Pandemic education has highlighted the need for learning platforms that reliably support rich in-person and distance learning experiences. This accelerated the shift from a teacher as an individual practitioner to a learning facilitator as a member of a school as a service team.
Adding video conferencing to the edtech stack was a very important additional capability in 2020. But it has encouraged many schools to attempt a poor video version of the traditional distance schooling (often a well-intentioned effort to comply with outdated policies).
The pandemic has clarified the desirability of exciting new sequences of learning experiences supported by new learning platforms with interoperability agreements to allow learner records to move from place to place by braiding individual, team, cohort and community experiences in a dynamic way that facilitates individual progress.
Succeeding in this co-construction of tools and experiments is more complicated than designing an MNA vaccine, but it could also improve the life trajectories of billions of people.
There are 10 design changes that represent an opportunity in the learner experience and supporting learning tools.
From registration to invitation. What if instead of a tedious sign-up process there was an invite to learn, an invitation as welcoming to an Apple Store or as intuitive as gradual sign-up on Amazon where recent views on a device are integrated? in recommendations on another? What if the interests, strengths and values expressed were guided by learning opportunities?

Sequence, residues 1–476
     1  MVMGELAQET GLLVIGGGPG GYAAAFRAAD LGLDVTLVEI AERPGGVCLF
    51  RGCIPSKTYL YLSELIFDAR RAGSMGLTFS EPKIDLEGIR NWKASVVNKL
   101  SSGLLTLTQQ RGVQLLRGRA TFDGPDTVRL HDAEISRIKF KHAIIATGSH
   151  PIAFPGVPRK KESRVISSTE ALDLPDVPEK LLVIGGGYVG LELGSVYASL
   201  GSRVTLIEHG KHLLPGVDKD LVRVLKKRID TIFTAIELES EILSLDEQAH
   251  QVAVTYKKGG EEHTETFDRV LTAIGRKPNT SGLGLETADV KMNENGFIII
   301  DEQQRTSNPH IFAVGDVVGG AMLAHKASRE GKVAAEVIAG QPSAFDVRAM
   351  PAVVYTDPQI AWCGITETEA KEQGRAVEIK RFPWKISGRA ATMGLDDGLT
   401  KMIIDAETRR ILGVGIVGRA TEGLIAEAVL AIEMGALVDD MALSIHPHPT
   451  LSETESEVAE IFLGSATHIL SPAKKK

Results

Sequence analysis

From topics to skill sprints. What if instead of enrolling in math and English classes, learners entered personalized workshop environments (physical and / or virtual) that facilitated skill sprints allowing for focused practice supported by recommendations from experience and automated feedback systems punctuated by periodic demonstrations of mastery?
From course registration to dynamic projects. What if, instead of signing up for one-year content courses, learners engaged in a series of community-related projects (some individuals, some teams, several co-constructed) that developed and demonstrated leadership and problem-solving skills? What if these projects were informed by exposure to community needs and #GlobalGoals?
From test to integrated measurement. What if, instead of stopping for periodic testing, an assessment was built into skill sprints and projects? What if the measurement mostly occurs in the background and appears as useful feedback in real time and during periodic reflection?
From inclusion to mobile hosting. What if, instead of just being included, learners had portable amenities that appeared in every instance of learning they experienced (e.g., learning preferences, reading aids, reading aids? communication)?
From intervention to integrated support. What if, instead of responding to a crisis, the platforms help monitor well-being and equip pedagogical advisers with early warning systems and support integrated school and community support?